|Having Reflected on What She Had Done, She Did Not Wish to Set Bounds on What She Should Do.
[Lessons from Matins.]
The Sixth Thursday of Lent.*
The Otdanije of the Annunciation;** and, the Synaxis of the Archangel Gabriel.
1:21 PM 3/26/2015 —
Whenever I ponder the penitential spirit of Mary Magdalene, I feel more like weeping than like speaking. For the tears of this sinful woman will soften even a heart of stone towards the idea of doing penance. Having reflected on what she had done, she did not wish to set bounds on what she should do. She came in, univited, after the meal had begun, and brought her tears to the banquet. See with what grief she must burn, when she is not ashamed to weep even at a banquet.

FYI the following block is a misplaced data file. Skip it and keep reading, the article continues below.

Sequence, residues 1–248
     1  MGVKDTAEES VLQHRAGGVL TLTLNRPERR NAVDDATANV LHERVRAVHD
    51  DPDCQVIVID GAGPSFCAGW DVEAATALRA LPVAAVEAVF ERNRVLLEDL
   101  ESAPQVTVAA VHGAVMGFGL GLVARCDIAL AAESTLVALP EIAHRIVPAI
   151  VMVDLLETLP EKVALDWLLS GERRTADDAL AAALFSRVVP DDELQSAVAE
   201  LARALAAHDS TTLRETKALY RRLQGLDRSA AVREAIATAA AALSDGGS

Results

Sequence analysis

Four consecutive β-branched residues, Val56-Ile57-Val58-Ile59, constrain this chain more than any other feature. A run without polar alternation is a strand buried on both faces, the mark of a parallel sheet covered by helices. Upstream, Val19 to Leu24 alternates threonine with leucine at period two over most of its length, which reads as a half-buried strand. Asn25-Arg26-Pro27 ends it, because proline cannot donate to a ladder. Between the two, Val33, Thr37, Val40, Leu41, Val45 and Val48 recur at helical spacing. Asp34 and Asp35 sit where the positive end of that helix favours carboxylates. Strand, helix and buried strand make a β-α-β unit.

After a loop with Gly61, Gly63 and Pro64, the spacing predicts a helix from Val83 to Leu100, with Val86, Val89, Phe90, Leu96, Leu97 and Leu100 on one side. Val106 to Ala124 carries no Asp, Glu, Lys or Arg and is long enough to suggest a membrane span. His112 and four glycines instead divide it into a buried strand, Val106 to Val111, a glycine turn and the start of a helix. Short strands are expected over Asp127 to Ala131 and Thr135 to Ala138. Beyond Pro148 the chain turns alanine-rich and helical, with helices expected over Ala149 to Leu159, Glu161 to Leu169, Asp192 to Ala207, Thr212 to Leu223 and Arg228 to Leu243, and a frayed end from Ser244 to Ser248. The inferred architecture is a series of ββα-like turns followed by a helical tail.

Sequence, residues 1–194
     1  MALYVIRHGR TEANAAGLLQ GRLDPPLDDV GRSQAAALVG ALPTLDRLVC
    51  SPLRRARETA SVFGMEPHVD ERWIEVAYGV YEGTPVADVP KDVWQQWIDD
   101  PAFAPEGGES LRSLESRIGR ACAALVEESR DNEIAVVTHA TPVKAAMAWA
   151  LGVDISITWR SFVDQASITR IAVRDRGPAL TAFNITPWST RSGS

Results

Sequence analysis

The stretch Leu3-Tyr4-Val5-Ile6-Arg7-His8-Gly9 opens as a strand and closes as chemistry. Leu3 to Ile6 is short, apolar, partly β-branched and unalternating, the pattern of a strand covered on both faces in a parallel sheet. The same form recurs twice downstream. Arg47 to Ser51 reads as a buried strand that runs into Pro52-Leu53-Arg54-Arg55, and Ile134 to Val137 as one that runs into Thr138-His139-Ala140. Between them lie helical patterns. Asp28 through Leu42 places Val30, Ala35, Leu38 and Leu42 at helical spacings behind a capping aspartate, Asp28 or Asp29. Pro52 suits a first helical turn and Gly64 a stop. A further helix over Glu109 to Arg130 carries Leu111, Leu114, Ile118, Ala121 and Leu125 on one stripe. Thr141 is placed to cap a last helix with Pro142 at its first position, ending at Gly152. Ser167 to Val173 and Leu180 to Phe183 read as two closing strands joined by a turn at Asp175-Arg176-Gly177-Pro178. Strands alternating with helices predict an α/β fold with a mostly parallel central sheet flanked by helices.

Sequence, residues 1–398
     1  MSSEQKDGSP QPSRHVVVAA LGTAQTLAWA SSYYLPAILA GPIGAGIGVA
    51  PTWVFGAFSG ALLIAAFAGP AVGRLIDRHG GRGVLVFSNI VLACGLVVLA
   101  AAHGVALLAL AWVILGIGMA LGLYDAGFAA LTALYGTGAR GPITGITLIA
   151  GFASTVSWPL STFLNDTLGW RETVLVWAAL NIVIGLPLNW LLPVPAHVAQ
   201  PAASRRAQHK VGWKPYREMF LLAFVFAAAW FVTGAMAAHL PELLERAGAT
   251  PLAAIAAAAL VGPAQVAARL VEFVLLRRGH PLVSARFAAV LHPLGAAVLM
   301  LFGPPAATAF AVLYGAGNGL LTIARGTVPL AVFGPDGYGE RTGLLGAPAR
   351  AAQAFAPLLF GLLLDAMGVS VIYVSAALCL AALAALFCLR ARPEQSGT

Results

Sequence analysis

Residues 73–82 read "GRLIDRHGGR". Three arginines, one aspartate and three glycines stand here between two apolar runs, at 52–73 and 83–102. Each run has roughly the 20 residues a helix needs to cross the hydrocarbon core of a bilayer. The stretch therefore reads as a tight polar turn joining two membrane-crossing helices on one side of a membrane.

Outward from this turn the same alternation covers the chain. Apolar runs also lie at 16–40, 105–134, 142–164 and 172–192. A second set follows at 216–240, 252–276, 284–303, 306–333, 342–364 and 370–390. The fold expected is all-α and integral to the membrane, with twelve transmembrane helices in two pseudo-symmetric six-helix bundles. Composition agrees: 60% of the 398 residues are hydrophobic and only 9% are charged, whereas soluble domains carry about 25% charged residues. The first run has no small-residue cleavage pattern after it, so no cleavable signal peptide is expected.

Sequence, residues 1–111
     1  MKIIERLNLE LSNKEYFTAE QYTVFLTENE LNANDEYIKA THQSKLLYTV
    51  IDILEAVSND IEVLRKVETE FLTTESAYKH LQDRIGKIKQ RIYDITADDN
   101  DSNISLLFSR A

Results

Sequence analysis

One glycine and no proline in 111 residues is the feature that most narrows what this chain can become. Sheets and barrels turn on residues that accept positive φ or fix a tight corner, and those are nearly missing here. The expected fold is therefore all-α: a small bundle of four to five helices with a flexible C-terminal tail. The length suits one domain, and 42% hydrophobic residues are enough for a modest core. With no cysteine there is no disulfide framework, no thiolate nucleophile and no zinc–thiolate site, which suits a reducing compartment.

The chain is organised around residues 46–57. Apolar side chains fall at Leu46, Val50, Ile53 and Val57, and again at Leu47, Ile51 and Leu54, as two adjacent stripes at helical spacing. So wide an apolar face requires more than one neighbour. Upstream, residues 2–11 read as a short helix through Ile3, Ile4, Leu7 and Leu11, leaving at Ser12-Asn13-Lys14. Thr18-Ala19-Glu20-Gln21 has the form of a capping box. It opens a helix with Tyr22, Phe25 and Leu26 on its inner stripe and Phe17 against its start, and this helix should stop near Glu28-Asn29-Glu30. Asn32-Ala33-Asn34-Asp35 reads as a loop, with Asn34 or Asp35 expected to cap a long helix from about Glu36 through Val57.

This woman, who Luke calls "a sinful woman," is called Mary by John (11: 2). We think she is that Mary from whom, according to Mark's testimony, seven devils were driven (16: 9). What would be designated by seven devils but the totality of vice? The number seven is a fitting figure for a totality (for example, all time is perceived in terms of the seven days). And so Mary had seven devils, because she abounded in all the vices.
But note that she looked at the stains of her sinfulness and then ran to be washed at the fountain of mercy. The diners did not embarrass her. For since she was inwardly so deeply ashamed of herself, she considered the outward embarrassment as nothing. What should we admire, brothers: Mary's coming or the Lord's receiving her? Receiving, should I say: drawing her to Himself and receiving her. For there is no doubt that He who in His gentleness received her outwardly was in His mercy drawing her inwardly.